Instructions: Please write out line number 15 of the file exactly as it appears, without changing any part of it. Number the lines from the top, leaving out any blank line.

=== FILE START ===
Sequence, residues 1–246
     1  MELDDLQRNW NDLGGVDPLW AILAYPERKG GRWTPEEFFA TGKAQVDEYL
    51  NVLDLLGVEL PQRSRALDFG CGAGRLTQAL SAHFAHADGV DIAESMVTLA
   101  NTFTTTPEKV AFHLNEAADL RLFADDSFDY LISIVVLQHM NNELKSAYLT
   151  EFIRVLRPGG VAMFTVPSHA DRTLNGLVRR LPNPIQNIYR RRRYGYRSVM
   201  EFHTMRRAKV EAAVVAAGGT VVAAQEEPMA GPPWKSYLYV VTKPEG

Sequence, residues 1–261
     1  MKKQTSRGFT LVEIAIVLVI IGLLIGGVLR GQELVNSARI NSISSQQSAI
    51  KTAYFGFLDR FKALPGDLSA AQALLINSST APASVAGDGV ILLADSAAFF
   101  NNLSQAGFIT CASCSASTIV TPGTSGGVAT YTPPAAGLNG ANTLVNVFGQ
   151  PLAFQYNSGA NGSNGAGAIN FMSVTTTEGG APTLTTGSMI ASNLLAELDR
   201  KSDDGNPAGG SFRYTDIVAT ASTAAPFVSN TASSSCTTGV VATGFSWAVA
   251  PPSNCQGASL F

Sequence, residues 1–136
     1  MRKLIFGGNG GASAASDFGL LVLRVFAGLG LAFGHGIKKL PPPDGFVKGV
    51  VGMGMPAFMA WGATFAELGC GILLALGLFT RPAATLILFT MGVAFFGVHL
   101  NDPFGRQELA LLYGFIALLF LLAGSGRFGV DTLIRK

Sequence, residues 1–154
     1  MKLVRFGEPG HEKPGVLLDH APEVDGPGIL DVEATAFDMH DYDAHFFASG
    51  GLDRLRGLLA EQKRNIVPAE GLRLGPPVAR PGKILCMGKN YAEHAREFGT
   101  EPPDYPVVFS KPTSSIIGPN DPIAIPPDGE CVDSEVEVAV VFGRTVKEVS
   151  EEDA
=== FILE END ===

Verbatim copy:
     1  MRKLIFGGNG GASAASDFGL LVLRVFAGLG LAFGHGIKKL PPPDGFVKGV